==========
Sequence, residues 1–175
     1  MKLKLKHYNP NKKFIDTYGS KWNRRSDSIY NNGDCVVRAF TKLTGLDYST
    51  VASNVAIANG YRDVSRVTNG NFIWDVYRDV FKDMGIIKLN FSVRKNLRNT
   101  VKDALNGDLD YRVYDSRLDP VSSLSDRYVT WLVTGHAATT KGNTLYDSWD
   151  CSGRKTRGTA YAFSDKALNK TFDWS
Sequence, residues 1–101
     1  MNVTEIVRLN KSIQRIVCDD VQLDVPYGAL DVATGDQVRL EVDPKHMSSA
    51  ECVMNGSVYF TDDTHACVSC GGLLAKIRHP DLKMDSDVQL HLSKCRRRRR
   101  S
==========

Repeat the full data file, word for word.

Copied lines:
Sequence, residues 1–175
     1  MKLKLKHYNP NKKFIDTYGS KWNRRSDSIY NNGDCVVRAF TKLTGLDYST
    51  VASNVAIANG YRDVSRVTNG NFIWDVYRDV FKDMGIIKLN FSVRKNLRNT
   101  VKDALNGDLD YRVYDSRLDP VSSLSDRYVT WLVTGHAATT KGNTLYDSWD
   151  CSGRKTRGTA YAFSDKALNK TFDWS
Sequence, residues 1–101
     1  MNVTEIVRLN KSIQRIVCDD VQLDVPYGAL DVATGDQVRL EVDPKHMSSA
    51  ECVMNGSVYF TDDTHACVSC GGLLAKIRHP DLKMDSDVQL HLSKCRRRRR
   101  S